WASHINGTON (Reuters) - The U.S. Supreme Court on Tuesday handed a victory to timber company Weyerhaeuser Co(WY.N) in its bid to limit the federal government’s power to designate private land as protected habitat for endangered species in a case involving a warty amphibian called the dusky gopher frog.
The court, in a 8-0 decision, threw out a 2016 ruling by the New Orleans-based 5th U.S. Circuit Court of Appeals that had favored the U.S. Fish and Wildlife Service and sent the case back to the lower court to reconsider.
Weyerhaeuser harvests timber on the Louisiana land in question and was backed in the case by business groups including the U.S. Chamber of Commerce. In 2012, the Fish and Wildlife Service decided to include private land where the frog does not currently live as critical habitat, potentially putting restrictions on future development opportunities.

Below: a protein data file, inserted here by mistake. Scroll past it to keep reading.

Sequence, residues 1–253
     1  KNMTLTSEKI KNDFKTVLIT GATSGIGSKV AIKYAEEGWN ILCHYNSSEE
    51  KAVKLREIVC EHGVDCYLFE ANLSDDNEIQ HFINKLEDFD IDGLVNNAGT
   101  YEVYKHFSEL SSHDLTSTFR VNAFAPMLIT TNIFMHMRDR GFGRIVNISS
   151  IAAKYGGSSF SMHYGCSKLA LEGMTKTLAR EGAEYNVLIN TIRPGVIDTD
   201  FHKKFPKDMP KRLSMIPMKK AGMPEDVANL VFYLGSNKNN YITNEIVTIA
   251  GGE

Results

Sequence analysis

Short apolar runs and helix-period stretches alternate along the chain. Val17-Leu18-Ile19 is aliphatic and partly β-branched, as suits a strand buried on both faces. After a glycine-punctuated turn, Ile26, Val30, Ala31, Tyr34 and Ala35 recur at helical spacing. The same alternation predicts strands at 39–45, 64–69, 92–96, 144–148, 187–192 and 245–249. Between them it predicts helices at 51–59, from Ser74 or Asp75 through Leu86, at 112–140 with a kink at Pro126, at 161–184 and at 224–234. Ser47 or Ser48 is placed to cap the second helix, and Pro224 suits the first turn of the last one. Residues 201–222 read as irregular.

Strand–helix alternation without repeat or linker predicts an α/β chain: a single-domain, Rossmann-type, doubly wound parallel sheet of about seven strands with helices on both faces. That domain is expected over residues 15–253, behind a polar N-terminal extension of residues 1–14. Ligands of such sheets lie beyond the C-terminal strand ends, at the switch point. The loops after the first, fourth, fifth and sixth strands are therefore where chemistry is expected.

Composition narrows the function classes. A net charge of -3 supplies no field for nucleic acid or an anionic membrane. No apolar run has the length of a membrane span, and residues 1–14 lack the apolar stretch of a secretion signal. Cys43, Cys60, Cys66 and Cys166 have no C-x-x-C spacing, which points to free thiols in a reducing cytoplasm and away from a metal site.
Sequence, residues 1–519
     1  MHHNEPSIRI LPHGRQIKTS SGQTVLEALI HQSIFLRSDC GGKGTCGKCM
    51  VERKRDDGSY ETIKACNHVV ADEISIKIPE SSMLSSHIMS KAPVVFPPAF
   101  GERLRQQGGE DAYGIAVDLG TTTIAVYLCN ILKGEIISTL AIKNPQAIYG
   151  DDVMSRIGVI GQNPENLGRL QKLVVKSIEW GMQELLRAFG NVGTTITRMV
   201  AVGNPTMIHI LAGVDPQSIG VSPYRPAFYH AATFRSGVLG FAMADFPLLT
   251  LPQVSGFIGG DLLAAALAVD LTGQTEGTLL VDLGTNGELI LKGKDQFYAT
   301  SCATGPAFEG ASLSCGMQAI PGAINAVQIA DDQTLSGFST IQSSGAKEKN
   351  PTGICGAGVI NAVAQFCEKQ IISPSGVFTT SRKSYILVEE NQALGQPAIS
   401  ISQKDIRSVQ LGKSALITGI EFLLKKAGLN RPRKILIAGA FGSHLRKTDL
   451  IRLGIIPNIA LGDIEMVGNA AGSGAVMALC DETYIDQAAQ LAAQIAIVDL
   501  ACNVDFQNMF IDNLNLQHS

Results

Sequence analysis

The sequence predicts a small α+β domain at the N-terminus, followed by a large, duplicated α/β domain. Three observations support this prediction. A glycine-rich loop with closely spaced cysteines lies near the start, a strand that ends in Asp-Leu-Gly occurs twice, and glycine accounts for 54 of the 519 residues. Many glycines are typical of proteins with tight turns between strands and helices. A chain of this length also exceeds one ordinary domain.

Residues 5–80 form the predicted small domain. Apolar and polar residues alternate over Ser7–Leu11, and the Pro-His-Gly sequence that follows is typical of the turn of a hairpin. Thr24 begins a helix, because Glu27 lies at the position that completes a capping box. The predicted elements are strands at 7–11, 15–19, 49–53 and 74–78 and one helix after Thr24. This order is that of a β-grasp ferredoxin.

The frog, found only in southern Mississippi, also previously inhabited Louisiana and Alabama. The U.S. government identified the Louisiana land partly owned by Weyerhaeuser, which is based in Washington state, as meeting the criteria for the frog’s habitat under the federal Endangered Species Act.
Conservative Justice Brett Kavanaugh did not participate in the case, which was argued before President Donald Trump’s nominee was confirmed by the Senate last month.
Reporting by Lawrence Hurley; Editing by Will Dunham